3. Armstrong, on the other hand, has the advantage of a GREAT team and he can use this strategically to his advantage in the Alps and Pyrenees mountain stages. RadioShack has excellent mountain climbers like Levi Leipheimer and Andeas Kloden who can be deployed in a variety of ways to isolate and wear down an opponent on long and steep climbs.  They also serve to keep Armstrong fresh through most of a stage in order to launch him to the front at critical points in the mountains.  No doubt, Armstrong will use his RadioShack team talent to his full advantage.

4. If Armstrong can pull within 30 seconds of Contador and Evans by the end of the Pyrenees stages, I'll put him not only on the podium in Paris, but at the top of it.  Why?  Because in the Prologue, he already proved he's got his Individual Time Trial capacity back.  If victory is within reach at the beginning of Stage 19, Armstrong will make the ride of his life to win it.

Take heart, my friend.  This thing won't be determined until the next to last stage.  Until then, every stage matters and who knows what weird or wild turn of events will occur.  There's nothing quite like the Tour de France!


Alesandro Pettachi, a blast from the past, has reemerged as a sprinter to reckon with

Most thought of Alesandro Pettachi as a 36-year-old has-been of a sprinter.  Great in the past.  But that was seven years ago. Injuries, a ban for minor pharmaceutical infractions and team transitions have kept "Ale-Jet" out of the limelight since he claimed lots of sprint-finish stage victories in the Tour de France way back when.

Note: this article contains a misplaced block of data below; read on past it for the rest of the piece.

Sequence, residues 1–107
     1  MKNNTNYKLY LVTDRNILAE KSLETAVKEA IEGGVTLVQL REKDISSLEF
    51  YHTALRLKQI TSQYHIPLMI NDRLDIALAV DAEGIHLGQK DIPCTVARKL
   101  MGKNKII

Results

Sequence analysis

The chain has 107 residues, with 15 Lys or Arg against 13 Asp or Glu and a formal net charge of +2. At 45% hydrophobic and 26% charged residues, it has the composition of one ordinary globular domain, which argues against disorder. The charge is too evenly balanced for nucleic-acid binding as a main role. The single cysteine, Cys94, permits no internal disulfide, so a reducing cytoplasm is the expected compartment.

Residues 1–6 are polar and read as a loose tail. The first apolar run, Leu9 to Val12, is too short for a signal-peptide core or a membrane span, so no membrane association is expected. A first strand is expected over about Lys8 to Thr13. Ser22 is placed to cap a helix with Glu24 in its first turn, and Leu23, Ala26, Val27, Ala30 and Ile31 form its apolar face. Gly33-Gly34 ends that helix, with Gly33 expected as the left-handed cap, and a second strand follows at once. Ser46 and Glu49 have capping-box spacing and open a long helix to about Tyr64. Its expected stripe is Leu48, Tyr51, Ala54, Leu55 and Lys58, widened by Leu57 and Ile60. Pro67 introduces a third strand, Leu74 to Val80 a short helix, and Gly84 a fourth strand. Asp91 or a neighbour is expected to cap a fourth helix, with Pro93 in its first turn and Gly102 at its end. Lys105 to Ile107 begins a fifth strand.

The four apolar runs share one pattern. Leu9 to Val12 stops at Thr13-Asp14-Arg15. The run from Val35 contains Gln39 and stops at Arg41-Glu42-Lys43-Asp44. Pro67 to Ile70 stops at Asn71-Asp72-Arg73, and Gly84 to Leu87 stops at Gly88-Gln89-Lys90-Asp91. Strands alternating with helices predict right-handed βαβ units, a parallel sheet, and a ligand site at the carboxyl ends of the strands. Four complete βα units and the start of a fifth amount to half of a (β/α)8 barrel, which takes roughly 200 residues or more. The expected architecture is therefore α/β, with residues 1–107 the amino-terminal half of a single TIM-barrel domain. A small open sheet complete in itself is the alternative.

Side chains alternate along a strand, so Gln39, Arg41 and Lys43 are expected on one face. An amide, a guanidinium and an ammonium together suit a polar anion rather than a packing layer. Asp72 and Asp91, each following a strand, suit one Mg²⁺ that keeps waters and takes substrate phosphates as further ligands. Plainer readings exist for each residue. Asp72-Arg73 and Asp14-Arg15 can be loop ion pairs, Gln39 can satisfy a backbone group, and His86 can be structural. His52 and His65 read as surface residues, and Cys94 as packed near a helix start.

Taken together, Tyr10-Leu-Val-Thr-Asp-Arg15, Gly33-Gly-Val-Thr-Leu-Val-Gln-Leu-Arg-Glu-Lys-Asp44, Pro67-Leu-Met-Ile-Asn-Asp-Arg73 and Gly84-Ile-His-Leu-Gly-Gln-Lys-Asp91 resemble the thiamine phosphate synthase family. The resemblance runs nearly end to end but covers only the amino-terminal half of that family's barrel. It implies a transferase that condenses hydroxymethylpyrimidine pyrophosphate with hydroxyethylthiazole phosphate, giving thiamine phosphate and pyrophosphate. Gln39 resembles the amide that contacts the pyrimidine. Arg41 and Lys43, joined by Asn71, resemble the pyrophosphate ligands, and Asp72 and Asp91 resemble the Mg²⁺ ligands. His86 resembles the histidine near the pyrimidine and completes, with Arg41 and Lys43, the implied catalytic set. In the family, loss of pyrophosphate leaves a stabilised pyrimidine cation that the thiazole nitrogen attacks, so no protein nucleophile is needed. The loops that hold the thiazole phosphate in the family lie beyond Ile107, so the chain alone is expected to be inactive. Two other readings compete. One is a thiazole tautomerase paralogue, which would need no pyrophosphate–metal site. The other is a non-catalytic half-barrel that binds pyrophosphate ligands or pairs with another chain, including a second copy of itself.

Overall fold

But the Phoenix has risen.  Pettachi's Stage 1 victory might have been suspect with most of the other sprinters sprawled on the ground in the biggest crash in Tour history.  But on this day he beat some great sprinters at the line of a classic sprint finish.  He beat Mark Cavendish, who was supposed to have dominated the sprint-finishes this year.  Granted, USA's Tyler Farrar is still nursing crash wounds and wasn't in the mix, but Pettachi has asserted himself in this opportunity quite well.  One thing's for sure, the battle for the Green Jersey will continue throughout the Tour.

All of the contenders for the General Classification tucked in and rode safely in the peloton in Stage 4.  No shake ups, just status quo.

Looking Ahead

Two more relatively long and moderate terrain stages remain before the Tour hits the Alps.  Stage 5 on Thursday should be another one for the sprinters.  Let's see if Mark Cavendish challenges Pettachi. Or, it could be Robbie McEwen.  Stage 6 is not flat and it is the longest stage of the Tour.  Some have predicted Contador will make a move in Stage 6 (but I don't think so). Stage 7 moves into the Alps.  Stage 8 is the first mountain-top finish before a much-needed rest day for the battered and bruised.

It's a long way to Paris.  After the Alps are the Pyrenees--more treacherous than the Alps.  And after the Pyrenees is the Individual Time Trial on the next-to-last stage.  The Tour champion will emerge in the Pyrenees and confirm his lead in the ITT, I think.  But who?  Cadel Evans? Lance Armstrong? Denis Menchov? Alberto Contador? Bradley Wiggins?

Tuesday, July 6, 2010


If it was a difference-maker the Tour de France Director Christian Prudhomme wanted from this stage, he got it.